Definition of lex loci arbitri
The lex loci arbitri is the Latin term for "law of the place where arbitration is to take place" in the conflict of laws. Conflict is the branch of public law regulating all lawsuits involving a "foreign" law element where a difference in result will occur depending on which laws are applied.
When a case comes before a court and all the main features of the case are local, the court will apply the lex fori, the prevailing municipal law, to decide the case. But if there are "foreign" elements to the case, the forum court may be obliged under the conflict of laws system to consider:
- whether the forum court has jurisdiction to hear the case;
- it must then characterise the issues, i.e. allocate the factual basis of the case to its relevant legal classes; and
- then apply the choice of law rules to decide which law is to be applied to each class.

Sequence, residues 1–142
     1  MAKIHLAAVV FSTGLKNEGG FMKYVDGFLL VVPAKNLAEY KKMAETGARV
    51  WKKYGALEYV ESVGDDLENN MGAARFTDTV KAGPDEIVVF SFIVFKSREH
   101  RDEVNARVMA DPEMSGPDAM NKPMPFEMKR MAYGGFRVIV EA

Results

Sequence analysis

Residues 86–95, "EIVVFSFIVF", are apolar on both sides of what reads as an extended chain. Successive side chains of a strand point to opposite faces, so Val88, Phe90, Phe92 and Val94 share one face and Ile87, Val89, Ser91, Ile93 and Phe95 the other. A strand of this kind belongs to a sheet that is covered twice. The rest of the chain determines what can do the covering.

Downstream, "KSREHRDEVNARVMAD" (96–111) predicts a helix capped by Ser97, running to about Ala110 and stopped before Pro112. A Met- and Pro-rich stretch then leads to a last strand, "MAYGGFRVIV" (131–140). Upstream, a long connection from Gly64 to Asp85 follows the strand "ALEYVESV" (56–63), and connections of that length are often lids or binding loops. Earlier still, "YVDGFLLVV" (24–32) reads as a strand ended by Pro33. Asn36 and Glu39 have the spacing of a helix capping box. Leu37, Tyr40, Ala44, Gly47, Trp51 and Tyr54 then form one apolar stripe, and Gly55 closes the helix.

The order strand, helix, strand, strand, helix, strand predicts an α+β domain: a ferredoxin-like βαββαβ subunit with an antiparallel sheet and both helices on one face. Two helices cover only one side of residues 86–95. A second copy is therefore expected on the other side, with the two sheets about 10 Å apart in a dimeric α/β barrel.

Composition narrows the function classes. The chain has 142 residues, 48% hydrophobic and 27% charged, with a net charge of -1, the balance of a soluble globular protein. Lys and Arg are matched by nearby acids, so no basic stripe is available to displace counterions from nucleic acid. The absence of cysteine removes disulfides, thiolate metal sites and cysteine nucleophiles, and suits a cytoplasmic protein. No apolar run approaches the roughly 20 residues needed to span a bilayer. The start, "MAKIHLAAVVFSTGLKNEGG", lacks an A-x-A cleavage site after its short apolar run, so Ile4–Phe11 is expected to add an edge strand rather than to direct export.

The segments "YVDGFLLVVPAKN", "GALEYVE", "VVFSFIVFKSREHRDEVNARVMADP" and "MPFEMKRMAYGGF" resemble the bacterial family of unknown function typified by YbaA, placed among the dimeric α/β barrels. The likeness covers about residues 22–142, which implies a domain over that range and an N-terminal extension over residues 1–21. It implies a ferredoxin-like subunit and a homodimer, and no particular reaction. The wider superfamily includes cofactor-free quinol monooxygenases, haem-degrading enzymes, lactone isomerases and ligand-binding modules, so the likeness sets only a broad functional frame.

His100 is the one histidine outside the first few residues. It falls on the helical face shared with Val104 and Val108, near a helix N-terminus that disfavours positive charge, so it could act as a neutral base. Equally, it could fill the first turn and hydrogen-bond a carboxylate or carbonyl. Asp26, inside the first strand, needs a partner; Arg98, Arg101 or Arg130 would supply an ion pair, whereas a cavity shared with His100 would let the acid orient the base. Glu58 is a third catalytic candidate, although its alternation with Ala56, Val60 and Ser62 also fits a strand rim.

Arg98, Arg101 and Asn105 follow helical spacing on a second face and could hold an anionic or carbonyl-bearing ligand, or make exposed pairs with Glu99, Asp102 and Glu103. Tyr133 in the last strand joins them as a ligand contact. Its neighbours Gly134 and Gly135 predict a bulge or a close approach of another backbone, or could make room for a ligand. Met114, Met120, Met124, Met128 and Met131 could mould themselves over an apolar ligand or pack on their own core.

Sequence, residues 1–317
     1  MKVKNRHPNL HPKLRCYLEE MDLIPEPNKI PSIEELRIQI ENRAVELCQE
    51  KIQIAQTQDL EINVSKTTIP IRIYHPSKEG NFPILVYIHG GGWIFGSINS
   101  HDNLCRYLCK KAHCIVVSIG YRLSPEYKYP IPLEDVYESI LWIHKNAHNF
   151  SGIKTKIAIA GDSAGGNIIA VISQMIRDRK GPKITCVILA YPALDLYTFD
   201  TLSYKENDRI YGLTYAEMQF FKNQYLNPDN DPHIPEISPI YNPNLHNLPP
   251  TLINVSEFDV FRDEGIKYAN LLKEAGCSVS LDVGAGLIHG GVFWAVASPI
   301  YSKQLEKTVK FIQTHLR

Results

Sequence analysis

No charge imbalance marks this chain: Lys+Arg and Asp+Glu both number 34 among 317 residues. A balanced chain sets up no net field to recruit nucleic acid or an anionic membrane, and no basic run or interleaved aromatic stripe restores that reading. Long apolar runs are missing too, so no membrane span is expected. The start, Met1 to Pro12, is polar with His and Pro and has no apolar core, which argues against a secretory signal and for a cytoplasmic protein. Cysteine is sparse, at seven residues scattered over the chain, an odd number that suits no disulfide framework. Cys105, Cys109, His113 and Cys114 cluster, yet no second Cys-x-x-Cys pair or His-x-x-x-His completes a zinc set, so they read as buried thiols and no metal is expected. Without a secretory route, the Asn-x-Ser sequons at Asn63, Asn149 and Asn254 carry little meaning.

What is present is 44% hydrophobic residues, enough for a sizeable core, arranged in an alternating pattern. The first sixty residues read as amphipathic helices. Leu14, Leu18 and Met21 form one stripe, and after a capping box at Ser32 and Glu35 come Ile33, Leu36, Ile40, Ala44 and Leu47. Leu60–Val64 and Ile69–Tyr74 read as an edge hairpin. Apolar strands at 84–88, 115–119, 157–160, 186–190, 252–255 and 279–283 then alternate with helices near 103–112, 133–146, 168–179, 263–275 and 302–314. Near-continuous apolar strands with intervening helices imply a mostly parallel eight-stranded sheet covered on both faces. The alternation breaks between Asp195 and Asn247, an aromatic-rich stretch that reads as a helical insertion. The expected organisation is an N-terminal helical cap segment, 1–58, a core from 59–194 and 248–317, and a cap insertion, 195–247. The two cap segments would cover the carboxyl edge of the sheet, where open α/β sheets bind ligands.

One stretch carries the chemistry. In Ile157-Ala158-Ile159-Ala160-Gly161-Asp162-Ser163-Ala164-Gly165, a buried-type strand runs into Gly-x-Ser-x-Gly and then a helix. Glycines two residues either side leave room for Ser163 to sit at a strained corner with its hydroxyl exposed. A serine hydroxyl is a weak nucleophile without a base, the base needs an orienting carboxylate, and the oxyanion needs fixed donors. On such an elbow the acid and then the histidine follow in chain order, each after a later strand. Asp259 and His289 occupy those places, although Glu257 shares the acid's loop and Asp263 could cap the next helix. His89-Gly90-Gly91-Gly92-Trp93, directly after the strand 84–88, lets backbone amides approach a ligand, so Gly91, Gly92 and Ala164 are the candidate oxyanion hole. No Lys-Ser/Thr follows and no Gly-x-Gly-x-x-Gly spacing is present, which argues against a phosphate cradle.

The lex loci arbitri is an element in the choice of law rules applied to cases testing the validity of a contract. As an aspect of the public policy of freedom of contract, the parties to an agreement are free to include a forum selection clause and/or a choice of law clause and, unless there is a lack of bona fides, these clauses will be considered valid. If there is no express selection of a proper law, the courts will usually take the nomination of a forum as a "connecting factor", i.e. a fact that links a case to a specific georgraphical location. For these purposes, one of the "forums" that may be selected is arbitration. Hence, the fact that the parties have chosen a state as the place of arbitration is an indication that parties may have intended the local law to apply. This indication will be weighed alongside other connecting factors. The state that has the largest number of connecting factors will be the lex causae applied to resolve the dispute between the parties. If there is a tie, the connecting factors which relate to performance will be given a greater weighting.
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